Small Business

That Crucial First Year


Your new business needn't be one of the countless ventures that don't make it to year two. Veteran entrepreneur Barry Thomsen offers tips

Barry Thomsen began his entrepreneurial career as a 10-year-old running a paper route and selling lemonade to workers at construction sites. From there, he sold Amway and Avon (AVP), delivered pizza, and started and owned a number of businesses that ranged from a small manufacturer to a business forms supplier. During the course of some 30 years as an entrepreneur, Thomsen has observed and experienced many of the problems that occur in the all-important first year of business—a period when the majority of new businesses fail.

The publisher of the Colorado-based Idea-Letter, a monthly compilation of advice targeted at small business owners in newsletter form, Thomsen recently published When the Shit Hits the Fan! How to Keep Your Business Afloat for More Than a Year (Career Press; November, 2007), a catalog of his observations about what can go wrong after opening for business, paired with his solutions.

Recently, BusinessWeek.com's Stacy Perman spoke with Thomsen about surviving those crucial first 12 months. Edited excerpts of their conversation follow.

What happens in a year that makes it the make-or-break-period for a small business?

People spend most of their startup money. They don't have as many orders as they need to pay their bills. And people don't anticipate the expenses that come up. Also, most entrepreneurs need to build up their markets and loyalty slowly. Maybe 1% of people have an unbelievable product, but most have to build up their customer base and they end up running out of money before they get there.

What are the three key things that have to happen within the first year so a business doesn't fail?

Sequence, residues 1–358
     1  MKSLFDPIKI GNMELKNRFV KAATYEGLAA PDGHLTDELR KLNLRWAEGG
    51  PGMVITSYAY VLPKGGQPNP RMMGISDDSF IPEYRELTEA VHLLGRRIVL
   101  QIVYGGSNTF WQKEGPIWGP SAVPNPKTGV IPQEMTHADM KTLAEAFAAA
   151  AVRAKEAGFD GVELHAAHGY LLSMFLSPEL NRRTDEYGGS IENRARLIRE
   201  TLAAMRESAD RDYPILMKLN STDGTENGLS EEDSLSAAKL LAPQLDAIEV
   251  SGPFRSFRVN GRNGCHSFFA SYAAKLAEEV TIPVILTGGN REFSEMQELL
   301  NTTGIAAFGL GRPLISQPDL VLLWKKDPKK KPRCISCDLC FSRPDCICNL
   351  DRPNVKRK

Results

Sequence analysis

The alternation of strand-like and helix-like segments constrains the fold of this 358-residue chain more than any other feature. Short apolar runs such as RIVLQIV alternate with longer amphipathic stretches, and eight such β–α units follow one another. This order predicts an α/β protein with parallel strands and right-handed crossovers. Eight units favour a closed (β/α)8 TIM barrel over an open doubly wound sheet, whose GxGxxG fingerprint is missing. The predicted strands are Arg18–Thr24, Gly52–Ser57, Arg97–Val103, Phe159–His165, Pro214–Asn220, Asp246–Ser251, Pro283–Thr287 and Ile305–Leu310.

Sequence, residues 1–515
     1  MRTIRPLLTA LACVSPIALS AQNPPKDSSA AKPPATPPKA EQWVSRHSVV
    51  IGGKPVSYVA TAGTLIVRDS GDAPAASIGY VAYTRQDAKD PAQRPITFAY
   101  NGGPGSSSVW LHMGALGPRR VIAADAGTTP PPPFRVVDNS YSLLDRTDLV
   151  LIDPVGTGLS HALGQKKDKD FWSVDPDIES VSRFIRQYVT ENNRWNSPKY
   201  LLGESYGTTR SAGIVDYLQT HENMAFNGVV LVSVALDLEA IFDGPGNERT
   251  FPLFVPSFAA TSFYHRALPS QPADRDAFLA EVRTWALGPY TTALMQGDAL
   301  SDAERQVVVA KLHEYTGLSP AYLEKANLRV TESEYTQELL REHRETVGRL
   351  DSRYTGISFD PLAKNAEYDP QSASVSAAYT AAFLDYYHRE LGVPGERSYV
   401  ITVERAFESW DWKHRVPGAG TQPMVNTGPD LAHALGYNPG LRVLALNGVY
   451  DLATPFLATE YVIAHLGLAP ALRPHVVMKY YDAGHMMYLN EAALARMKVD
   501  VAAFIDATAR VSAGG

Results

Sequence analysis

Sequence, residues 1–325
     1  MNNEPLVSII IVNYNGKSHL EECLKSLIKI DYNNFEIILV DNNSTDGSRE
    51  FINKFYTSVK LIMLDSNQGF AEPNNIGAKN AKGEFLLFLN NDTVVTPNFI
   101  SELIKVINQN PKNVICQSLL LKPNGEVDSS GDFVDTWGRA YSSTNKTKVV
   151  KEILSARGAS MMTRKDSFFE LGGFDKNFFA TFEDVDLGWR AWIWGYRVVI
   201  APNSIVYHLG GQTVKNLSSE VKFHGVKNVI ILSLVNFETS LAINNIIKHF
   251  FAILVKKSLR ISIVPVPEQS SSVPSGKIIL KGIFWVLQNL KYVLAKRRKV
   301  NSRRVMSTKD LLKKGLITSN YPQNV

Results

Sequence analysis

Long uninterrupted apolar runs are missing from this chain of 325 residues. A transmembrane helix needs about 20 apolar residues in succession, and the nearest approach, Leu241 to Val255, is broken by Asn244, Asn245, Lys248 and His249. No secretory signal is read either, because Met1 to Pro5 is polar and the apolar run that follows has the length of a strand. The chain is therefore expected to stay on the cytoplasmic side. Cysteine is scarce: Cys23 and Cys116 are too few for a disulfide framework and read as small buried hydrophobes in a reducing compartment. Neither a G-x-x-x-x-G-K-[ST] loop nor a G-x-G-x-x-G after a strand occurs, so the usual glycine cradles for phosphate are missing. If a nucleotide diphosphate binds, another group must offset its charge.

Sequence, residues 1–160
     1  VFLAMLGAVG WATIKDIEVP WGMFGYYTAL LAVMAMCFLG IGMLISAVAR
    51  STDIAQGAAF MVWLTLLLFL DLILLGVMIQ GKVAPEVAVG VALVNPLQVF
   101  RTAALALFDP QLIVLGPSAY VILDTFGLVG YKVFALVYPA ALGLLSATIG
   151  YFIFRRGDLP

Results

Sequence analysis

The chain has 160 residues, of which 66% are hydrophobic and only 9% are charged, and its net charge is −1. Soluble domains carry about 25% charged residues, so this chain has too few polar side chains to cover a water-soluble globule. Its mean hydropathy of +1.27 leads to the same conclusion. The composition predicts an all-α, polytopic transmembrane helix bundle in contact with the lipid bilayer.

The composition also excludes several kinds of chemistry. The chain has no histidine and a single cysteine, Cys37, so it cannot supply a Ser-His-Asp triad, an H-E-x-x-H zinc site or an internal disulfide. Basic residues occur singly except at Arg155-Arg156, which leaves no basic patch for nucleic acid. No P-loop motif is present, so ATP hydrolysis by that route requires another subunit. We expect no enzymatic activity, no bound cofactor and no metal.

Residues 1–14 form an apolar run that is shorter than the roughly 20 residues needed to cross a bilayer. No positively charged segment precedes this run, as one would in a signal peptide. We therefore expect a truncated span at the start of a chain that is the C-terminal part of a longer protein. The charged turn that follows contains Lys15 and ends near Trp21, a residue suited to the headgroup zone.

Get to know your product, get to know your market, and get good employees. You have to have good people to back you up, and you have to know your target market or you are wasting your time. If you have the wrong market, you have to keep testing to find out what that market is.

What is crucial for an entrepreneur to know when starting his or her business that might help it survive?

They should know what their goals are and what they want out of the business. Do they want to simply make a living? Do they want to end up being a big company like Google (GOOG)? Do they want to stay local or sell nationally? They have to have some goals to know what they are going to be and what they are going for.

What is something that often happens during that first year that can overrun a business if it is not dealt with?

One of the easiest things to get behind on is payroll taxes. And once you get behind it starts to mushroom. The IRS won't come after you right away, but they will get you in six months. Another thing: You almost have to go into business thinking that you are not going to make a fortune initially. In the first year, you need to make a foundation first. And in the beginning you have more bills than you know what to do with.

You say that an owner's attitude can affect the entire business. How so?

Sometimes owners go into a business thinking, "I'm king. I can do what I want." It turns out to be the opposite. The people working for you pick up on that attitude, and if you are vague or indifferent with customers they will be, too, and your customers will not come back. It can ruin a whole business.

You also say that losing a big account is not the end of the world—explain.

First, you should never take an account that would ruin your company if you were to lose it. You can lose an account for any number of reasons. A larger account has a lot of expenses. You need to think about what you would do if you lose that account, so that your business will not go down. You can't let it shut you down. You should have backup sources and not give that big account everything. That way they can't take everything if you lose that account.

How would you advise someone to deal with competition?

Know what your competition is doing. You can't run a business and ignore it. If you are a retailer, shop your competitor's store or send in mystery shoppers to see how they treat customers. Check their Web site to see what they are doing. They might be announcing something new, and you don't want to be caught off guard. Hopefully, you have something that you are working on and it is better. That way you don't have to get into a price war (BusinessWeek.com, 7/19/06), because that's when everyone loses. You need to be aware of your competitors or they will eventually pass you by.

Perman is a staff writer for BusinessWeek.com in New York.

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